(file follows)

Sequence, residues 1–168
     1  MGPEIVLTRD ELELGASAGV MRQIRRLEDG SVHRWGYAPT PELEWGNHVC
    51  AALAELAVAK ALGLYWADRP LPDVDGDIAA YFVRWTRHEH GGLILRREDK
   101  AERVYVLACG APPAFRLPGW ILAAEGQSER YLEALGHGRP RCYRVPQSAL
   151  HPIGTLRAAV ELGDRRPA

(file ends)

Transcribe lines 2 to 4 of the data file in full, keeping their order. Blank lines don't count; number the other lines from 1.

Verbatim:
     1  MGPEIVLTRD ELELGASAGV MRQIRRLEDG SVHRWGYAPT PELEWGNHVC
    51  AALAELAVAK ALGLYWADRP LPDVDGDIAA YFVRWTRHEH GGLILRREDK
   101  AERVYVLACG APPAFRLPGW ILAAEGQSER YLEALGHGRP RCYRVPQSAL